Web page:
for fuel. The Alpaca is raised mainly for fiber production and it is also a fuel source, with its dung.
Llamas live in Bolivia, Peru and Chile.

They live at heights of 14,000 ft to the lower elevations.
They are browsers and much of what they eat is considered scrub plants. The peoples of South
America do not brand their llamas as we might, but they use tassels of different colors to identify
their herds.

Sources:
University of Kentucky
4H
Living the Country Life

Processing Pasture

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How many hours of machine time your clearing job will take depends on a lot of variables including the size of the timber, the slope of the terrain, and the rockiness of the ground, but you should probably count on it taking approximately twice as long as you expect. Using machinery, you can go from dense forest to pasture or garden soil, in about two years time. If you’re clearing the land for pasture, after tree-shearing you can now keep it cleared either with a bush-hog or maybe even goats, but if you’re looking for soil to garden or farm, tree-shearing just isn’t the solution you need because of the roots left behind.

Turning forest into pasture is a lot more complicated than may be evident. Clearing tree cover is just the beginning; then there’s the roots themselves, seeding coverage. Essentially, you’re escalating a process that nature takes years to do – starting with fire.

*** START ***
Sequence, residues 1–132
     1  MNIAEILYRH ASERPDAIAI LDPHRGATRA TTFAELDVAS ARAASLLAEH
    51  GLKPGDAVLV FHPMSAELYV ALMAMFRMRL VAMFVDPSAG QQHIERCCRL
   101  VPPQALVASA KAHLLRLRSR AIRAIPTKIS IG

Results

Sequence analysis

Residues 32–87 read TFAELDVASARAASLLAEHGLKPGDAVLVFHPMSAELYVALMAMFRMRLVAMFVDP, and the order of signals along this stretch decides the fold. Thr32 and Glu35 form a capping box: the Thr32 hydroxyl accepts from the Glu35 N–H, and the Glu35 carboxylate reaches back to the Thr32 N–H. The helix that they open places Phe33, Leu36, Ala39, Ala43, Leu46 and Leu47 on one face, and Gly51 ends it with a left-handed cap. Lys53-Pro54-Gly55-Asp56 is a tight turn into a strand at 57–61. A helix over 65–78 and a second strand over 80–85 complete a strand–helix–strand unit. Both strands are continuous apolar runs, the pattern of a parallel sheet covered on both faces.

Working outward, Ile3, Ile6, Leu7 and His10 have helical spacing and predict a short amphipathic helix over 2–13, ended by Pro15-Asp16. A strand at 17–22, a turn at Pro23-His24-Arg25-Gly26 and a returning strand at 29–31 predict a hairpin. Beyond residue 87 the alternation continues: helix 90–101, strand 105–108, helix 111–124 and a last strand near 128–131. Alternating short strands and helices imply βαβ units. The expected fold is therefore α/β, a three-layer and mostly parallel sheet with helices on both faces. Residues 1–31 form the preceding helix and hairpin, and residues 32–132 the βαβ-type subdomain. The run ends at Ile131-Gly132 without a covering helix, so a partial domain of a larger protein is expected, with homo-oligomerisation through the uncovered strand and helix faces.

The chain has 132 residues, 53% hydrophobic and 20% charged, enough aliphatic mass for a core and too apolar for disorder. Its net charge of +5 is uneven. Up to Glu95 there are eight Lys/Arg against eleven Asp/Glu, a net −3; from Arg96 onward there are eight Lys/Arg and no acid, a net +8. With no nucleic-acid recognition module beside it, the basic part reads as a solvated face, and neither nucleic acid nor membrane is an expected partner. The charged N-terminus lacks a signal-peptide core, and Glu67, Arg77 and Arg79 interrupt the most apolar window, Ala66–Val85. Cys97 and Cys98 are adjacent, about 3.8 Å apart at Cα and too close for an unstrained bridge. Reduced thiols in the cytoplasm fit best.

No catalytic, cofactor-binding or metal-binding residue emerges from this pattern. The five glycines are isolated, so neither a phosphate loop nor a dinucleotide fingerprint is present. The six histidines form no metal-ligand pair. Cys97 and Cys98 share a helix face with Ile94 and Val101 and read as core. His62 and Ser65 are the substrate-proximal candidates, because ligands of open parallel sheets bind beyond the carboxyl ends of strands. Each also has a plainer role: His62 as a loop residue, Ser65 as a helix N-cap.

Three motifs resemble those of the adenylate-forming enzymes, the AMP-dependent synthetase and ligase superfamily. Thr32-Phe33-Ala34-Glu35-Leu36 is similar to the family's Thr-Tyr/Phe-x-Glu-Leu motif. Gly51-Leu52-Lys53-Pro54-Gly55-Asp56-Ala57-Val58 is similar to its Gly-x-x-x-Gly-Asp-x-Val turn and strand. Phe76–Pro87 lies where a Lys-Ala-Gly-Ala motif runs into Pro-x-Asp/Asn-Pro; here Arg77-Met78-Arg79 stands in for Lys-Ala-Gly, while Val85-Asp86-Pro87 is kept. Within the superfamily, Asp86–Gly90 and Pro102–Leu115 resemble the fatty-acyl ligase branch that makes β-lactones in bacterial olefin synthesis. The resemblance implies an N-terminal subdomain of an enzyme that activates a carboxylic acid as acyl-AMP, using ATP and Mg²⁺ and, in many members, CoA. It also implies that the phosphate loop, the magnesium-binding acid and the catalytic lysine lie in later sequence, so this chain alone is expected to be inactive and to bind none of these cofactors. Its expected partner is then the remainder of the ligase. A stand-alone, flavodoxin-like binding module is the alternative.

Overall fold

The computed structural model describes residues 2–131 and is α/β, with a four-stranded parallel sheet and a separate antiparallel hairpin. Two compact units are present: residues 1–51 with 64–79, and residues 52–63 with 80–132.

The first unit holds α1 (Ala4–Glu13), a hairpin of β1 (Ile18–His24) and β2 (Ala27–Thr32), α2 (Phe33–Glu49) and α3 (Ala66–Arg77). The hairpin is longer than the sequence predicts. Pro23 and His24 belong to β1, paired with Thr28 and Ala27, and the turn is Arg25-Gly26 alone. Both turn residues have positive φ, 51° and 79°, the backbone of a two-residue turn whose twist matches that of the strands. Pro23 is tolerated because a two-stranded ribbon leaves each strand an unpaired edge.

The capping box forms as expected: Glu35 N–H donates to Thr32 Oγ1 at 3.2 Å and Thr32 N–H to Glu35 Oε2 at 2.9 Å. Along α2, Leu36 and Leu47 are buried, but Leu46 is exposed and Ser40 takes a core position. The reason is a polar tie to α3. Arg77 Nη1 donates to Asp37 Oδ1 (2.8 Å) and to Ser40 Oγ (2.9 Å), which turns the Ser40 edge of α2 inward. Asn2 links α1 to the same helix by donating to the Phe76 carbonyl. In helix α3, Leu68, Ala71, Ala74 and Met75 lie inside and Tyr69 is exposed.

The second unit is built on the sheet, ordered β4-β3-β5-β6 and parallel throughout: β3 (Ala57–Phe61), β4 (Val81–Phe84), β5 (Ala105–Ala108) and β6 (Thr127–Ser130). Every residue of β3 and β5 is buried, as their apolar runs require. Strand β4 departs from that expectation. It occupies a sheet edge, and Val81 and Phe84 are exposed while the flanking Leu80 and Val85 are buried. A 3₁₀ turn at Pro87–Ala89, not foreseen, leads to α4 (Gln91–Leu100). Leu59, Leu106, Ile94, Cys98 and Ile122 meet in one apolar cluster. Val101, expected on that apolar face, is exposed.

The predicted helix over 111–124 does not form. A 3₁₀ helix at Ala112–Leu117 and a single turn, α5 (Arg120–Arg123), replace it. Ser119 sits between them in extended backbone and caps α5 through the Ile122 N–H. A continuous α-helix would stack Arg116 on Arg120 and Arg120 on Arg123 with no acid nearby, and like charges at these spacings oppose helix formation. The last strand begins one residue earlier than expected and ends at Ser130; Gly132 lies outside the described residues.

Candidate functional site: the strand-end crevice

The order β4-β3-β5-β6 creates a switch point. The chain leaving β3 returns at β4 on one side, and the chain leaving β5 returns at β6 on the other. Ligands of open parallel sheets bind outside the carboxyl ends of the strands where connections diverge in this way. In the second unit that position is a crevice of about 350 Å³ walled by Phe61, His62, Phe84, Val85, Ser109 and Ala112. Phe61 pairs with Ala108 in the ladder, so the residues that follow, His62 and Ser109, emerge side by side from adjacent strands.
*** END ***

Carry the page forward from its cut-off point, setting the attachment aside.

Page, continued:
Sources:
homestead.org
Oregon State University

Building a tile hut. From scratch. With hand-made tools.

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To cut and carve wood I used the celt stone axe and stone chisel made in this video (https://www.youtube.com/watch?v=BN-34…). To carry water and make fire I used pots and fire sticks made in this video (https://www.youtube.com/watch?v=nCKkH…). Finally, to store fire wood and dry, unfired tiles, I used the wood shed built in this video (https://www.youtube.com/watch?v=Zajpk…).

At the source is a much more thorough description of the components, processes, and predecessor methodologies.

Full video:

Source: primitivetechnology.wordpress.com

Aquaculture and Agricultural Hybrid Farm

Aquaponics_with_catfish20,000 Pounds of Fish & 70,000 Pounds of Vegetables on a 1/4 Acre?

Combining the two methods of food production is a clever way of reducing some of the costs of each.

As food production by necessity begins to benefit from increased localization, things like this offer potential shortcuts.

Aquaponics is the combination of aquaculture (fish farming) and hydroponics (growing plants in water only), in a carefully designed, hyper-productive closed-loop system. There is no pesticide, no fungicide, no fertilizer, no watering the garden, no bending down to weed the garden, and you produce food year round, no matter the climate or soil conditions. This can work in the Sahara Desert or in Antarctica.

Using this system, each 25 SF of grow space can feed one adult 25% of their protein and all of their table vegetables, year round, forever! On-site local food production is the ultimate form of food storage.